S. aureus is the most commonly found in mastitis or breast abscess. 4) Generally, penicillin or cephalosporin antibiotic is used until drug sensitivity results are retrieved. If the abscess worsens in spite of proper antibiotic use, it may need to be incised and drained. Breast abscess is rare in adolescent girls, primarily occurring in lactating women as well as patients with diabetes mellitus, obesity or immune dysregulation. Tobacco smoking and nipple piercing have been known as risk factors for the development of breast abscess.10) However, in our 2 patients, there are no preceding conditions inducing breast abscess except for severe AD. There was no evidence of congenital immunodeficiency, such as hypo-gamma-globulinemia or Wiskott-Aldrich syndrome. Rather, extreme dryness and pruritus were more likely to be predisposing factors for staphylococcal colonization and infection in our patients.
Intense scratching in AD is known as a predisposing factor for staphylococcal skin and deep tissue infections. It is believed that our patients' scratching of pruritic skin lesions increased the risk for the penetration and spread of S. aureus into the deep tissue. Not surprisingly, identical strains were found from their breast abscesses, involved and noninvolved skins.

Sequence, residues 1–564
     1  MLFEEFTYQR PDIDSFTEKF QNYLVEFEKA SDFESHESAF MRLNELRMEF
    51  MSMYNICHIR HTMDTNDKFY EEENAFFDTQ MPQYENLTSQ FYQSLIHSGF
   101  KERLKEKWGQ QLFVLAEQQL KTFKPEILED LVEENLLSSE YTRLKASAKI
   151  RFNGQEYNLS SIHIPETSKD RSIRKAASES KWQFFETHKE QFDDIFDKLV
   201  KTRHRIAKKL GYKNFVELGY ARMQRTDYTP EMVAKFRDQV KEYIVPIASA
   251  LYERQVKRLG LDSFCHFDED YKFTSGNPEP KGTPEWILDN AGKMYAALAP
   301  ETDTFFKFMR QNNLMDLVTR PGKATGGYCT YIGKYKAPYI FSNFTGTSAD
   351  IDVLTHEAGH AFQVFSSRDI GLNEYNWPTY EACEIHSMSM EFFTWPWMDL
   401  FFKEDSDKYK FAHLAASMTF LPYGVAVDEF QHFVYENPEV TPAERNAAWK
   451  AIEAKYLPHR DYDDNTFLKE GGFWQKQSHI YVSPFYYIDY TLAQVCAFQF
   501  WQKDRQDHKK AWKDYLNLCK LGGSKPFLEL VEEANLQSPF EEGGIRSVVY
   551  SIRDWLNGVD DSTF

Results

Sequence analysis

S. aureus is isolated from 2%–25% of healthy skin, and it highly colonizes both the lesional and normal-appearing skin of patients with AD.11,12) Once attached to the skin, S. aureus secretes exotoxins with super-antigenic properties that worsen AD.13) A deficiency in the expression of endogenous antimicrobial peptides in the skin of patients with AD, causing localized immunodeficiency, may account for the susceptibility of these patients to skin invasion with S. aureus.11,12) As for humoral immunity, considerable attention has been focused on the importance of the secretory component of immunoglobulin A (sIgA). In a previous study,6) the amount of sIgA secretion from the skin was significantly lower in AD patients than in healthy subjects and the decrease in sIgA accounted for the high positive skin culture of S. aureus. Little is known about the onset mechanism of deep tissue infection in AD. However, it is likely that patients with AD habitually scratch the skin due to severe itching, resulting in damage to the skin barrier which causes deep invasion of S. aureus.